Gamma-rays signature of dark matter in the CTA era: status and prospects
December 12, 2018
November 20, 2019
High-energy phenomena in the cosmos, and in particular processes leading to the emission of gamma- rays in the energy range 10 MeV - 100 TeV, play a very special role in the understanding of our Universe. This energy range is indeed associated with non-thermal phenomena and challenging particle acceleration processes. The Universe can be thought as a context where fundamental physics, relativistic processes, strong gravity regimes, and plasma instabilities can be explored in a way that is not possible to reproduce in our laboratories. High-energy astrophysics and atmospheric plasma physics are indeed not esoteric subjects, but are strongly linked with our daily life. Understanding cosmic high-energy processes has a large impact on our theories and laboratories applications. The technology involved in detecting gamma-rays is challenging and drives our ability to develop improved instruments for a large variety of applications.
In the last decades a vast amount of evidence for the existence of dark matter has been accumulated. At the same time, many efforts have been undertaken to try to identify what dark matter is. Indirect searches look at places in the Universe where dark matter is believed to be abundant and seek for possible annihilation or decay signatures.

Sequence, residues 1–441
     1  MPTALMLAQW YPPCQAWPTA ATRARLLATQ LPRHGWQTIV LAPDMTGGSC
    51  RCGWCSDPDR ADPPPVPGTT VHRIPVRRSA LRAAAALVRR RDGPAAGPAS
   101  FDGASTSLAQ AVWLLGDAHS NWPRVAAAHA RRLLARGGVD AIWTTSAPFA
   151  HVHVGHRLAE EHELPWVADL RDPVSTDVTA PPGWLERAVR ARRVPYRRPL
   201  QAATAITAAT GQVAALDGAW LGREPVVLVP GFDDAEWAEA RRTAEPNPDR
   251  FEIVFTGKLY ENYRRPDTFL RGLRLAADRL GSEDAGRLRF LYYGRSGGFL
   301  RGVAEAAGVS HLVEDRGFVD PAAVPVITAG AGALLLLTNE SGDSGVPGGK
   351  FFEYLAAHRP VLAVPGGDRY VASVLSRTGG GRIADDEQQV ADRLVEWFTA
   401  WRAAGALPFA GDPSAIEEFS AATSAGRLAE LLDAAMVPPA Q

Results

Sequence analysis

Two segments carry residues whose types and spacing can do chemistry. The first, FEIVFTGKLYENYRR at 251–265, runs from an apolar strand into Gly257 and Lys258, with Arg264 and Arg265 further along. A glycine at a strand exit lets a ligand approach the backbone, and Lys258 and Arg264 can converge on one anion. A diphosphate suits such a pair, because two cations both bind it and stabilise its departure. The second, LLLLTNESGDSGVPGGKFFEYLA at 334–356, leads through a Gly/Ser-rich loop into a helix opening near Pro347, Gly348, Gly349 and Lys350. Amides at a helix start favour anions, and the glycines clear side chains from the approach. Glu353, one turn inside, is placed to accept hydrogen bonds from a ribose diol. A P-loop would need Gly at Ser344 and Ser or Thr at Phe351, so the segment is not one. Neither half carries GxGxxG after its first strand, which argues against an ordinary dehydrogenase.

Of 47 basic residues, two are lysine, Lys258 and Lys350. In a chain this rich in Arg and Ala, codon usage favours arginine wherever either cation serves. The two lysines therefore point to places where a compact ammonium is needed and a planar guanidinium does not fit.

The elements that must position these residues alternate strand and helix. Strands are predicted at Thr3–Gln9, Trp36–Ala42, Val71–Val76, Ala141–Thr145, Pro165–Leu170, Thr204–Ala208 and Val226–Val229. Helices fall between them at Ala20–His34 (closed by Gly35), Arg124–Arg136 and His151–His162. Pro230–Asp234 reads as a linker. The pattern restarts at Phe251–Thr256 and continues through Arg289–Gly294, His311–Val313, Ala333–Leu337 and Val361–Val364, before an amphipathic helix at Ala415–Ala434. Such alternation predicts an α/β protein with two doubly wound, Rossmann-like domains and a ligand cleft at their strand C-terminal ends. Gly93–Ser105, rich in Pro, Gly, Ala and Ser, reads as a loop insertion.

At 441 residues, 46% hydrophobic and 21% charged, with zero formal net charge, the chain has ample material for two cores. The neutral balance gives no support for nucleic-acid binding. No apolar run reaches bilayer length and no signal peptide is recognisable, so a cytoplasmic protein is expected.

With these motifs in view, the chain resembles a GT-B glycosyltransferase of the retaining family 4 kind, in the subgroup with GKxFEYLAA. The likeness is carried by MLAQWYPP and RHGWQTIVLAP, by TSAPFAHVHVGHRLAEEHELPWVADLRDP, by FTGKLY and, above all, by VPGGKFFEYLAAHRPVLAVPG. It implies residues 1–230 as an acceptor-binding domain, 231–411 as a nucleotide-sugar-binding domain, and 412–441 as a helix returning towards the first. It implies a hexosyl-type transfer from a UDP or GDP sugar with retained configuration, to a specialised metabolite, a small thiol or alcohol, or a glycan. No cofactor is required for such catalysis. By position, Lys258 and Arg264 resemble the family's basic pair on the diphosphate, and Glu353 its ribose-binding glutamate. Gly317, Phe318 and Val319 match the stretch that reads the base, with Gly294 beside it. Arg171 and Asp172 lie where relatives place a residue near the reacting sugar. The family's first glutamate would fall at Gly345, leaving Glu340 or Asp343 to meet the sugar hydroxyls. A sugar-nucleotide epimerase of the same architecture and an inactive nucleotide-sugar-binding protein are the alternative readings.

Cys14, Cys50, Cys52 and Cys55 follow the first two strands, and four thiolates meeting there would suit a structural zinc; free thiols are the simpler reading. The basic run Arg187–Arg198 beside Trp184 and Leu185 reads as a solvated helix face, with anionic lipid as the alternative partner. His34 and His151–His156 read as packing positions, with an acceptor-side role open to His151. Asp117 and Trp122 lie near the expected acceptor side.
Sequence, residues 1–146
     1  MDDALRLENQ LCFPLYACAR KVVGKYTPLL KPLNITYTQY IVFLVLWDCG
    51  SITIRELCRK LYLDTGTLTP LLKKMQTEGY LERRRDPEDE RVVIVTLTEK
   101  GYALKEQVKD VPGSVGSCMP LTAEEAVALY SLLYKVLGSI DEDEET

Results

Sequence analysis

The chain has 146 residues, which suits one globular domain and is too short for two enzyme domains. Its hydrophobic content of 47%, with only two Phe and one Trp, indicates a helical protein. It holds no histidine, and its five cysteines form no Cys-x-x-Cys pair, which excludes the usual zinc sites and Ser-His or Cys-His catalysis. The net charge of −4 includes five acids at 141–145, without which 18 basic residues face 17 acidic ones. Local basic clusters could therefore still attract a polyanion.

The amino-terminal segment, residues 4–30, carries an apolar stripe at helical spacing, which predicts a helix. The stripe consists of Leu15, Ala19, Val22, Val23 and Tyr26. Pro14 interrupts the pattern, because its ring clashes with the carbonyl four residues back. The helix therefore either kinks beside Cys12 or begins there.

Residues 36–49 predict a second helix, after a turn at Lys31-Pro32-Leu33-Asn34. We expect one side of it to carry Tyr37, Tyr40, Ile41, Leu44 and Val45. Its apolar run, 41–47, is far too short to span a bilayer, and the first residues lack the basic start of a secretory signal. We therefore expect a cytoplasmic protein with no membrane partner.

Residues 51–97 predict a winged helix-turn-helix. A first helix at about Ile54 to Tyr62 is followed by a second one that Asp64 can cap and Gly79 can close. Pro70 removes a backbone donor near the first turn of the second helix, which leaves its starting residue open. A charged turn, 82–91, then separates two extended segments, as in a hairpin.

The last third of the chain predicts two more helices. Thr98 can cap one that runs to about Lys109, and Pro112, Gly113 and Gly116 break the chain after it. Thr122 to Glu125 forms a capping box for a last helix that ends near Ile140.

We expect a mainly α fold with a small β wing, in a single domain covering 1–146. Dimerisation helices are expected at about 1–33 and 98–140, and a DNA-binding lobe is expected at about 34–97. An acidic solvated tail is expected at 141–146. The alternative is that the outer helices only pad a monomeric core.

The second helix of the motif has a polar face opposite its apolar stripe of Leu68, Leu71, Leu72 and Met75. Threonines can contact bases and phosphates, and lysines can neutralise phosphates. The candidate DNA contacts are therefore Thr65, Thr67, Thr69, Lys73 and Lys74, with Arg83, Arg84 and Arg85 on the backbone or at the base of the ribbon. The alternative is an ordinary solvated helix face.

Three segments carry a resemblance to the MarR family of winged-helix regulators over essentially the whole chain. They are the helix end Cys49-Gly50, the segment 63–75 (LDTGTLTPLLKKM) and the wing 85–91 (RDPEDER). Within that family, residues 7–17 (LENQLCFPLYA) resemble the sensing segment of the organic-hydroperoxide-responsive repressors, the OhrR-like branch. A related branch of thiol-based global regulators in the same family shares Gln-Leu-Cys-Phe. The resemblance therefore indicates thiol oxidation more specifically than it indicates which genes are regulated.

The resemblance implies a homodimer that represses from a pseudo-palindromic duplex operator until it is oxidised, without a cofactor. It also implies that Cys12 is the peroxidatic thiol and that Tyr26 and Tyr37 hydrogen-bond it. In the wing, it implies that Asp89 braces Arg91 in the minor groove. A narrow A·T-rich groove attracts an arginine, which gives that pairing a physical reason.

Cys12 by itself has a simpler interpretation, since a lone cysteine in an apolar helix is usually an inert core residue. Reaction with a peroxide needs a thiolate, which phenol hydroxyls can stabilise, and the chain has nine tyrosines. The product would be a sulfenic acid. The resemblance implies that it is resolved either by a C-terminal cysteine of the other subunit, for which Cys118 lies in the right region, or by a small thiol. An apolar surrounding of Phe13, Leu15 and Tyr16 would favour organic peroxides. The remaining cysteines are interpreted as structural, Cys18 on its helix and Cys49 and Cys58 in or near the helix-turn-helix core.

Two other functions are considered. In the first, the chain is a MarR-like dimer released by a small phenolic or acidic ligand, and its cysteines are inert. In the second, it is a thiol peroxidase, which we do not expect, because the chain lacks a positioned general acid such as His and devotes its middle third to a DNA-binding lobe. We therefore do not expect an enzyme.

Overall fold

At high energies, the Cherenkov Telescope Array (CTA) represents the next generation of imaging Cherenkov telescopes and, with one site in the Southern hemisphere and one in the Northern hemisphere, will be able to observe all the sky with unprecedented sensitivity and angular resolution above a few tens of GeV. The CTA Consortium will undertake an ambitious program of indirect dark matter searches for which we report here the brightest prospects.
At lower energies, the energy range between 1 and 100 MeV is an experimentally very difficult range and remained uncovered since the time of COMPTEL. New instruments can address all astrophysical issues left open by the current generation of instruments. In particular, a good angular resolution in the energy range 10 MeV - 1 GeV is crucial to resolve patchy and complex features of diffuse sources in the Galaxy and in the Galactic Centre as well as increasing the point source sensitivity. This instrument addresses scientific topics of great interest to the community, with particular emphasis on multifrequency correlation studies involving radio, optical, IR, X-ray, soft gamma-ray and TeV emission.
The possibility to study not only the pair production regime but also the Compton regime with this kind of detectors is currently under investigation and it is another possible very interesting breaktrough.
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